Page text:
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1 April 2015 Vice-presidential behavior in a disability crisis
Joel K. Goldstein
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Abstract

Vice President Thomas R. Marshall has been criticized for not acting more aggressively to exercise presidential powers and duties after President Woodrow Wilson suffered a stroke in October 1919 which compromised his ability to discharge his office for much of the remainder of his term. Yet Marshall faced formidable constraints in the constitutional, political, institutional, and factual context in which he operated. This paper examines these constraints on Marshall's political behavior. His conduct becomes understandable when viewed in the context of those inhibiting factors. The paper also considers the impact of the presidential inability provisions of the subsequently ratified Twenty-Fifth Amendment which renowned Wilson scholar Arthur Link suggested would have made no difference. While questioning the practicality of that counter-factual, the paper argues that the Amendment would have been helpful but suggests that a Wilson-like situation, if one could be imagined in modern times, could present a relatively taxing challenge to our constitutional system.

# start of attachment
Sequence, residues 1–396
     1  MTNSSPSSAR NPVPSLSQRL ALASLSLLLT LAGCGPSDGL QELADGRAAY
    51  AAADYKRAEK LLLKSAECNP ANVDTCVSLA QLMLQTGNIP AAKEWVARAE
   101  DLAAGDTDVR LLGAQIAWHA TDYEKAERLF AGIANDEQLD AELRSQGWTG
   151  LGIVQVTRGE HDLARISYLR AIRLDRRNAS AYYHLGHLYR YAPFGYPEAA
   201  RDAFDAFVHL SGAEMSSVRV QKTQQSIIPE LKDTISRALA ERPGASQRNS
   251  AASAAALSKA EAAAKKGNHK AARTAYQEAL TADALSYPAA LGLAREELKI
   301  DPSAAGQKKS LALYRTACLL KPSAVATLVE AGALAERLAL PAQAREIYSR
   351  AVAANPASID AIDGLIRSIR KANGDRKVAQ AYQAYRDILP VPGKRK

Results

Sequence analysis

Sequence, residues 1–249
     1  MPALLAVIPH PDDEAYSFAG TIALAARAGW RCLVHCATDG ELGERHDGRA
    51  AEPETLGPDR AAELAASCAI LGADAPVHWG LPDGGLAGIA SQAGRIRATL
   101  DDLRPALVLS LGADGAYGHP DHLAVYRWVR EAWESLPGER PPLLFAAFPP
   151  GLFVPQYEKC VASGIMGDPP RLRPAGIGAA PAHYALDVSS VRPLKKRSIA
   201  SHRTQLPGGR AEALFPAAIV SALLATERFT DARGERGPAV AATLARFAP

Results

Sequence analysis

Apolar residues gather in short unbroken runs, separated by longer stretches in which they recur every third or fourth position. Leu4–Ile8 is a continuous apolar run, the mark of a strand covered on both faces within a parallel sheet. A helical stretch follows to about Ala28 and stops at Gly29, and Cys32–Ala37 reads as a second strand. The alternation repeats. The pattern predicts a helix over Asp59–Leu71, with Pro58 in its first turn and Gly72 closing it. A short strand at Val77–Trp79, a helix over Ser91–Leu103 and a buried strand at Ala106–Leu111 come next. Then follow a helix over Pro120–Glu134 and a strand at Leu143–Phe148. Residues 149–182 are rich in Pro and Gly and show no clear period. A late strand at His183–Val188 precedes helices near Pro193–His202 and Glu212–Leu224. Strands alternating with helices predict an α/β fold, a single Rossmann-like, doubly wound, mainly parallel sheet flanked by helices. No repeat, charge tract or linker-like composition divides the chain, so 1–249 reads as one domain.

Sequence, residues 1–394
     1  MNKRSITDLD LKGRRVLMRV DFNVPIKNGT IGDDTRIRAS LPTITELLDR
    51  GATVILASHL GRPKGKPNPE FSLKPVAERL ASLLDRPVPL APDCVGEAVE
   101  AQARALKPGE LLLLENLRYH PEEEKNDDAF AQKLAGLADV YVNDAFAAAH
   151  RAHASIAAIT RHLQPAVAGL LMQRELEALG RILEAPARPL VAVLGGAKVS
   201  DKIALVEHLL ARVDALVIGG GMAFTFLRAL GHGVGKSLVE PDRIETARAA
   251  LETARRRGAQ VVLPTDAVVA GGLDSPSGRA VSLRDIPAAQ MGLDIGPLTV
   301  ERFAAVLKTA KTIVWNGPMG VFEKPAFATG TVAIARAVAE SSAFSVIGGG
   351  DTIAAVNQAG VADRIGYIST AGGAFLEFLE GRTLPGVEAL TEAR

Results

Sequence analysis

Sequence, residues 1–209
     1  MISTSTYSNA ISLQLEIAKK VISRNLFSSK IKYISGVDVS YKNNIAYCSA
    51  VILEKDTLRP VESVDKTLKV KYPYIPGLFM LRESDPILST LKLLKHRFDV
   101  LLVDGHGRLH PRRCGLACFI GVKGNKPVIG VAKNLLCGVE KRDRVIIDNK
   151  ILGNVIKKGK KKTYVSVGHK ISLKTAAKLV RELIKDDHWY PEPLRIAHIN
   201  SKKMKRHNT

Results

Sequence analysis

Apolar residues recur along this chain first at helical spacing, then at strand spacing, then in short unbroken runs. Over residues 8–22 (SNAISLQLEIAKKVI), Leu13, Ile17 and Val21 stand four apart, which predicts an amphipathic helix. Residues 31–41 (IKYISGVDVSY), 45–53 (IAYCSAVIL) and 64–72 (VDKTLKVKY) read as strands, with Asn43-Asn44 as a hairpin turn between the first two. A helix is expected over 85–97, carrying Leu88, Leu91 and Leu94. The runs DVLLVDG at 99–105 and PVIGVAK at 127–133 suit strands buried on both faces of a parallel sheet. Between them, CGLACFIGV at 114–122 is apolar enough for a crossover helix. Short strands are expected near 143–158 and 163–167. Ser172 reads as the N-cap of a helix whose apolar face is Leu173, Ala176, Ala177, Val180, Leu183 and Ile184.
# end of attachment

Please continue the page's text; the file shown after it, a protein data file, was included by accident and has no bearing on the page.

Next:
Joel K. Goldstein "Vice-presidential behavior in a disability crisis," Politics and the Life Sciences 33(2), 37-57, (1 April 2015). https://doi.org/10.2990/33_2_37
Published: 1 April 2015
JOURNAL ARTICLE
21 PAGES


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KEYWORDS
Cary Grayson
decision making
disability crisis
Edith Bolling Wilson
leadership
presidential inability
Thomas R. Marshall
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